Outlaw, Outsider


Billy Price is a 15-year-old boy living in rural Maine. He’s also THAT KID you went to high school with— you know, the one who sports a rattail, the one who “freaks out” in class, the one who sits in the corner of the lunchroom and snarfs chips with his mouth open. He’s the one who ventures beyond the conventional borders of dorkiness into the lonely desert of hopeless weirdness. Jennifer Venditti follows him there.

Her documentary, Billy the Kid, starts with a shot of Billy cracking up as he shows the camera his uvula: “It’s that dangly thing at the back of the mouth,” he says helpfully. Billy then goes on to provide a succinct, hilarious, and utterly unself-conscious narrative of his life and times. He loves Kiss and karate and has “a big interest in girls,” but he tries not to be “a jerk about it.” When his cat died, he was “at war with myself . . . fighting my emotions.” Slowly, darker revelations emerge. His stepfather is chronically absent from both the film and Billy’s life. His biological father smoked crack and abused his mother (a gentle and weary woman who clarifies some of Billy’s wilder assertions). When her son was a toddler, doctors told her that he was so profoundly retarded he would have to be institutionalized.

That turned out not to be true, but still, nobody knows quite what Billy “is.” He’s relegated to “special” classes, but he also has a GRE-worthy vocabulary, an encyclopedic knowledge of certain topics (glam-rock bands and serial killers, to name two), and a mournfully wise outlook on life. Like an adolescent Don Quixote, he rides (his bike) through town, looking for bullies to beat up and exposing a chivalrous streak a mile wide. He refuses to shoot the female adversaries who appear in his favorite video game, and he rues the fact that “unfortunately, I’ve never been the savior of a damsel.” When he finally does encounter a damsel—a young waitress named Heather, who might be the only person in town more awkward than Billy—he discovers that she may not want saving quite as much as he wants to save her. Given the intensity of Billy’s emotions—he falls fast and hard for Heather—the condensed affair fits snugly into the film’s natural story arc, and is more romantic and comedic than even the slickest romantic comedy.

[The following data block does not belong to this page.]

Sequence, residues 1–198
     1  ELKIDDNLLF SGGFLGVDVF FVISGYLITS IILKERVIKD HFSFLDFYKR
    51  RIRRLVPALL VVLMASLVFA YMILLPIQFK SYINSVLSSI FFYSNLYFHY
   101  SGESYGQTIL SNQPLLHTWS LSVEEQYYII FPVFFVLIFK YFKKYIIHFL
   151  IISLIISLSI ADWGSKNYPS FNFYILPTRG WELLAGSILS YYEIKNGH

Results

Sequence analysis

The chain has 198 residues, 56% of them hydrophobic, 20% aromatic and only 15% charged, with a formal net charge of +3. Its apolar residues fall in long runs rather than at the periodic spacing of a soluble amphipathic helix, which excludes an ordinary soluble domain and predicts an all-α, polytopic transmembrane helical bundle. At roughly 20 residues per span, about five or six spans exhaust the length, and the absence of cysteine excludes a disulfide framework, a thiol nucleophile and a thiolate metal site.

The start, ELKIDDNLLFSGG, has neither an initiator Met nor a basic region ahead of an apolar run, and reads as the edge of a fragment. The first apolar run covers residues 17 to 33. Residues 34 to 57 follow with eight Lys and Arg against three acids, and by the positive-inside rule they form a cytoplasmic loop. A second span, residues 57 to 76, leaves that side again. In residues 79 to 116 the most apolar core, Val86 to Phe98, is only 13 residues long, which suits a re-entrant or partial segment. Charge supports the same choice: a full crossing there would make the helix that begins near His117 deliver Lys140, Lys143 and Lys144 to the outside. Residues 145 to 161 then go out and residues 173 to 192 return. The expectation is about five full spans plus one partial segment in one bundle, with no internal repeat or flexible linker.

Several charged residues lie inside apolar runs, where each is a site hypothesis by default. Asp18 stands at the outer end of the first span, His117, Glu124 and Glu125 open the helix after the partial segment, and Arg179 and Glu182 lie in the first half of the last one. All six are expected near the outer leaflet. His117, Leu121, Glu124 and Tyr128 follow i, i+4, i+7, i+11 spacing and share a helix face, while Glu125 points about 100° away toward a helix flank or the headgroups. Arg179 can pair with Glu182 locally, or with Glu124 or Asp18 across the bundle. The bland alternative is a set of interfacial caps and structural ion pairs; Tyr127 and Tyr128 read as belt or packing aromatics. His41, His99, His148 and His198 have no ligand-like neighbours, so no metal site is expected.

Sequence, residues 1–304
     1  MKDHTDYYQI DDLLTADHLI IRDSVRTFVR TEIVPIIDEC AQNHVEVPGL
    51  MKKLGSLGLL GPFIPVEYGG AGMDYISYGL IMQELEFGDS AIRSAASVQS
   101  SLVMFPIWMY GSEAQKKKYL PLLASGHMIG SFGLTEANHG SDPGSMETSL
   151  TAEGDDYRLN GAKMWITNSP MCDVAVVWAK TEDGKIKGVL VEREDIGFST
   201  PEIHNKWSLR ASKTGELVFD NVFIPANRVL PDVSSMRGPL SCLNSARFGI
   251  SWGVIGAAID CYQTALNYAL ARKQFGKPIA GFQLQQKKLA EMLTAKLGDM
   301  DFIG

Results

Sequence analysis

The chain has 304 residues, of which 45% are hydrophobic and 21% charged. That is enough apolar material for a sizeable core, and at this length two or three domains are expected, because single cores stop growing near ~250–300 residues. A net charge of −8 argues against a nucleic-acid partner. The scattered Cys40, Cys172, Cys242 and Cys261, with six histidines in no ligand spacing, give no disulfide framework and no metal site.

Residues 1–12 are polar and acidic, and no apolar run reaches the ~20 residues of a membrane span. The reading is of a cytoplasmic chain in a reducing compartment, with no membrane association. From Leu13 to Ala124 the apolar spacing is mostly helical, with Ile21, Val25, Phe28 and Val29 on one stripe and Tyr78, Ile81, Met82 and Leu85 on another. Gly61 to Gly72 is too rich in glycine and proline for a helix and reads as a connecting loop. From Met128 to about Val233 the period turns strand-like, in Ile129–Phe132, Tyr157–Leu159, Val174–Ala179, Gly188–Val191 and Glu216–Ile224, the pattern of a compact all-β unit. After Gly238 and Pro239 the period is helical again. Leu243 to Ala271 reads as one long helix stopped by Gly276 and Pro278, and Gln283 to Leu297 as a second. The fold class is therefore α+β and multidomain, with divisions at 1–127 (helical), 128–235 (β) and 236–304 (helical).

This is Vendetti’s first film, after a decade as a casting director. Perhaps this explains her remarkable ability to distill a character in one well-placed shot, a quality that more than makes up for her slightly amateurish camera skills. I have seen more than 25 documentaries this year, and after a while they all start to run together, both structurally and thematically.
Billy the Kid is utterly original in both respects. As for Billy, the kid? It doesn’t take a prophet to see trouble in his future. But we’re also left with no doubt that someday he will save someone for real.